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February 27, 2013

Community mapping

The essential purpose of a map is to help the reader find their way from A to B. But maps also contain a mass of information and detail that can add colour and pleasure to a journey – especially if the cartographer has an unusual eye for detail. The community trust in Portree on Skye decided they wanted to portray their community in a different way and commissioned an artist to bring his own unique talents to bear on the age old craft of cartography.


Stornoway Gazette, 4/2/04

Visitors to the Isle of Skye will be able to see the island like it has never been presented before, thanks to a set of two stunning maps drawn by acclaimed artist J. Maizlish Mole, in a new commission by ATLAS Arts and The Portree Area Community Trust (PACT). 

The maps are objects of art but also playful navigation tools for the Isle of Skye as a whole, and the town of Portree in particular. By incorporating elements of local oral knowledge and culture into the map, the curators and artist hope to set a benchmark for how stunning locations can be brought to life through the eyes of people who live there and visit. The maps have been described as ‘a love song to Skye’, by Emma Nicolson, Director at ATLAS Arts. Artist J. Maizlish Mole has spent weeks painstakingly walking and driving routes in the Isle of Skye to create these two maps in his unique style – one for the town of Portree, and another one for the island. The maps will be displayed in Skye’s main town centre, as public art, on information boards. Print copies will be available as of this April. 

To create the map for Portree, Mole – who in 2011 created a similar work for Edinburgh as a commission by the Edinburgh Art Festival – walked in and around town for two weeks, taking in its streets, landmarks, walking trails, quirks, amenities, landscapes and history. Following this, ATLAS Arts & PACT decided to expand the project and commissioned him to create a second map of the Isles of Skye and Raasay – and he embarked on a driving journey through Skye’s diverse terrain. Mole’s working process is unique: he walks the route several times and then hand-draws the map from memory, to scale, building in personalised annotations of the elements that he has learnt along the way through both personal experience and locals’ knowledge. Sites like ‘Huge Supermarket’ appear alongside the more unusual ‘ghost trail’, an old route mentioned by locals which he discovered by spotting the remains of the track in Google Earth. He describes his mapping work as plotting out cityscapes – or in this case ruralscapes – as they are lived in and remembered.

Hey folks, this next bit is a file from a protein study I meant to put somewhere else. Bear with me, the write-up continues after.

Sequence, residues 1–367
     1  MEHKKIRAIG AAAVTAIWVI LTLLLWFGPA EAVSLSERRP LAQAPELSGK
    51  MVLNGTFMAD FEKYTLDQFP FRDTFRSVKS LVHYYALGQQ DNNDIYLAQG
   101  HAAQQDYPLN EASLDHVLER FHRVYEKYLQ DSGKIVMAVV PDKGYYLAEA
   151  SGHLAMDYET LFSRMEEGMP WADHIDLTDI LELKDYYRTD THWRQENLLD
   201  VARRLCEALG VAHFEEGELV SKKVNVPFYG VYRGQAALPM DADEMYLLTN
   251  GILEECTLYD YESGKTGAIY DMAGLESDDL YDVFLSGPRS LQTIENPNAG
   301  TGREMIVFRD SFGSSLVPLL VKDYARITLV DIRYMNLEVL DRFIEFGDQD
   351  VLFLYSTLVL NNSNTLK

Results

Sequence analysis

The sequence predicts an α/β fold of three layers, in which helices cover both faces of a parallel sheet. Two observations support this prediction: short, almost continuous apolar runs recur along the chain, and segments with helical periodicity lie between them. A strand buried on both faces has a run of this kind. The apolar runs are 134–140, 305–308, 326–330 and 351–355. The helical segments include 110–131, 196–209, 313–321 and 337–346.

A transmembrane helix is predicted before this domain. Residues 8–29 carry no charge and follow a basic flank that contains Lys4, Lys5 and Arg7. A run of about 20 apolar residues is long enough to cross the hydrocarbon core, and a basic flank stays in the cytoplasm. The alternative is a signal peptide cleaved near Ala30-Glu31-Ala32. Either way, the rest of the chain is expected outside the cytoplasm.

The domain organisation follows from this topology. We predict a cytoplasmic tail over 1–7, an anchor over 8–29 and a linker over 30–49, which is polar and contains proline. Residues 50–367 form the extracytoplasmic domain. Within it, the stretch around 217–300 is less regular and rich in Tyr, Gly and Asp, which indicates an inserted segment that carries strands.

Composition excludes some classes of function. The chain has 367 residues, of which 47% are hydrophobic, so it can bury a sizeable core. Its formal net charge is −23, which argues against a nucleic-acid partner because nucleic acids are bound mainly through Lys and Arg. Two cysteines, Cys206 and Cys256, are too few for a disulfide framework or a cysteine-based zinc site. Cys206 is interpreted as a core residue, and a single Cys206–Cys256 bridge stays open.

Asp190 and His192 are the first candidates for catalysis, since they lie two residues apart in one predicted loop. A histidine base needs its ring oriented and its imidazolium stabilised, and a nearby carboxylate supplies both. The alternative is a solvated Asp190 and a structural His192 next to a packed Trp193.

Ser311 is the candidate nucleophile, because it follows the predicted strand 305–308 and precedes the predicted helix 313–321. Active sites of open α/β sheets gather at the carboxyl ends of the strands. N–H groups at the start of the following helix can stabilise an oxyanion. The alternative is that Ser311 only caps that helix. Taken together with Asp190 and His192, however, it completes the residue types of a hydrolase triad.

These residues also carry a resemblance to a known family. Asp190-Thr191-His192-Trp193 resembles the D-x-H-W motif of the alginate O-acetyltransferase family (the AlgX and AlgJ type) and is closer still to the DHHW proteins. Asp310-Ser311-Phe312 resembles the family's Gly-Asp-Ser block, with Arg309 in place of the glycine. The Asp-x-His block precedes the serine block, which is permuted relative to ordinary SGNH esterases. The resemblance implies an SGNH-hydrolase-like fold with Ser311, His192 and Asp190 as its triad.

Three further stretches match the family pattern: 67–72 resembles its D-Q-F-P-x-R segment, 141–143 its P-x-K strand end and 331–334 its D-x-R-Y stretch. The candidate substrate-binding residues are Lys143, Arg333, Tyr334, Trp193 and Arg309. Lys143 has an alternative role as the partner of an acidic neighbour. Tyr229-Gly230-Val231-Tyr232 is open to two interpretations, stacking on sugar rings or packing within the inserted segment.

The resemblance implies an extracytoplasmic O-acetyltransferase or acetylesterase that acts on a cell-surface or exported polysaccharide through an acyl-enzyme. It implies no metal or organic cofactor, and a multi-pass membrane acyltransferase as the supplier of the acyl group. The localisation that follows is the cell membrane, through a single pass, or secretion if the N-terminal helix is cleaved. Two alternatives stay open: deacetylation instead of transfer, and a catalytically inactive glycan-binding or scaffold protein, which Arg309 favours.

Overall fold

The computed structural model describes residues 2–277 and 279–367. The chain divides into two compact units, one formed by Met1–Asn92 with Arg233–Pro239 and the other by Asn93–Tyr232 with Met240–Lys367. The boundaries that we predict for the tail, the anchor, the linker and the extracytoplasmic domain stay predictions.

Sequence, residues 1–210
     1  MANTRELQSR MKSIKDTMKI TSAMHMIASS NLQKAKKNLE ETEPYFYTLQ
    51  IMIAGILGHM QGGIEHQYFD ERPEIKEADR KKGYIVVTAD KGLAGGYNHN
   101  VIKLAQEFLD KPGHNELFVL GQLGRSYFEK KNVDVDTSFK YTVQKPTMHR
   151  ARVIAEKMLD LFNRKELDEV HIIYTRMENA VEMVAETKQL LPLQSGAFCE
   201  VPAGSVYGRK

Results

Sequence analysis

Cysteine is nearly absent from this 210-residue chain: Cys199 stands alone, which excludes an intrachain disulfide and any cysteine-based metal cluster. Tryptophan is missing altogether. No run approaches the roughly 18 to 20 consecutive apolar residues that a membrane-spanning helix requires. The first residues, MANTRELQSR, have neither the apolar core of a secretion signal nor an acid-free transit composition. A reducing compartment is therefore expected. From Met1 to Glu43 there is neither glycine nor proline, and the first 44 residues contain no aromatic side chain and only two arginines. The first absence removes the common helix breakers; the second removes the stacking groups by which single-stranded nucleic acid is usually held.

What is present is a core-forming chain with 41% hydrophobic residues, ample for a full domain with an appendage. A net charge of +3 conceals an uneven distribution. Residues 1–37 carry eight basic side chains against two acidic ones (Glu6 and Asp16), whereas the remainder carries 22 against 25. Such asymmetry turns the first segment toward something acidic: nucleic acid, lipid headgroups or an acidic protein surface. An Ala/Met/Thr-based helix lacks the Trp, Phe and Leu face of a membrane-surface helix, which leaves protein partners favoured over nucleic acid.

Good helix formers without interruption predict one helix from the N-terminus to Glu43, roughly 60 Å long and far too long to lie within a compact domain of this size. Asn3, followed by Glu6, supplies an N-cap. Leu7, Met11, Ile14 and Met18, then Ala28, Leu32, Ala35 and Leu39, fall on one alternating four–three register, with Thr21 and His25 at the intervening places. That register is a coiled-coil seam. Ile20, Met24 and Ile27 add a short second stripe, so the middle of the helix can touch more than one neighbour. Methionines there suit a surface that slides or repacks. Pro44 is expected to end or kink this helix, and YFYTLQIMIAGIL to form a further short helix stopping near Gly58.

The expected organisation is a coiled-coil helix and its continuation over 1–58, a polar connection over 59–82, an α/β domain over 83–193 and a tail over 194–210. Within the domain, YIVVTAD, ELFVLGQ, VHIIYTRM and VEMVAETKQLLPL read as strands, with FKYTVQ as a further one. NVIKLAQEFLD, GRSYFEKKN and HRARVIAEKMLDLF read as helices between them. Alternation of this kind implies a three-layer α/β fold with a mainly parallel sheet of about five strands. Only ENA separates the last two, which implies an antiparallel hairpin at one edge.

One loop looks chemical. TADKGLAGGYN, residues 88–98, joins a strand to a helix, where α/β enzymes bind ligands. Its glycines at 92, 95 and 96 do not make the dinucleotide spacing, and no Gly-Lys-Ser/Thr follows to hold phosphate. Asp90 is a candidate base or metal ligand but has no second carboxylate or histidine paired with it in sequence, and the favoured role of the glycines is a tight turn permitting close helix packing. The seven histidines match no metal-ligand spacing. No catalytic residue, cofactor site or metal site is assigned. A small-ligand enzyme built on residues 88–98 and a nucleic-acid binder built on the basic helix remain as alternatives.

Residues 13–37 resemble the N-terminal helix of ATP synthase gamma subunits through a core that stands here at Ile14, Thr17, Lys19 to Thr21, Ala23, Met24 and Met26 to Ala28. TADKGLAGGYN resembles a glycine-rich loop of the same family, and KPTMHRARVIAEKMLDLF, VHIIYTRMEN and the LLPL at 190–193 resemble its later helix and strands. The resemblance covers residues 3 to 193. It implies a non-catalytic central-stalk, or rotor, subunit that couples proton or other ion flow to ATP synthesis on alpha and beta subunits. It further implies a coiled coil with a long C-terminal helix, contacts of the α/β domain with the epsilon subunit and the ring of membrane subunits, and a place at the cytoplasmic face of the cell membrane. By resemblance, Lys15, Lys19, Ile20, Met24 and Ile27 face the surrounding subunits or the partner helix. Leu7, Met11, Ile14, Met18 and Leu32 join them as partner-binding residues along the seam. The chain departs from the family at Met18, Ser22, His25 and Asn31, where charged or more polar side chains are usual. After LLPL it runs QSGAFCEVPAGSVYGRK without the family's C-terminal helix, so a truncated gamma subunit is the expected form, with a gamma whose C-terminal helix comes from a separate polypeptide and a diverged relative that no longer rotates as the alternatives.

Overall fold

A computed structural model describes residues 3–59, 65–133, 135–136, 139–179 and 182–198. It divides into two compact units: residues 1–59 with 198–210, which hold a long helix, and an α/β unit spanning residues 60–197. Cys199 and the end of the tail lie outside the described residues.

On January 31st the maps will be unveiled across information panels in Portree. Copies will also be available for hotels and tourist businesses to offer to locals and visitors as of April. ATLAS Arts will also be producing limited edition prints. 

Artist J. Maizlish Mole said: “These two drawings represent the Isle of Skye and the Portree area as I experienced them on a series of solo expeditions during May, June and October of 2012. Each of these drawings is a memory map in the borrowed form of a road map. They plot out the subjective shape of a travelled-through, marvelled-at, remembered landscape. Although this process results in more or less accurate, navigable maps, the objective along the way is always the mapping out of the lived experience and the impression left, rather than of the terrain itself.” 

Emma Nicolson, Director of ATLAS Arts, co-commissioners of the maps, said: “We’re delighted to have had Mole working with the community in bringing the streets and landscapes of Portree and Skye to life. For years Skye has been a source of inspiration to artists, and we’re incredibly proud of supporting local and visiting talents that are adding to the real wealth of cultural experiences in the island. We can’t wait for the maps points in Portree. The artist is also a singer-songwriter and what he has created here is like a love song to Skye!”

Ross Cowie, Chairman of the Portree Area Community Trust (PACT), said: “When so much knowledge is generated through the electronic highway, it is really refreshing and innovative to be involved in a project which is both three-dimensional and combines art with information. It will stimulate interest and debate and will be most informative for visitors.”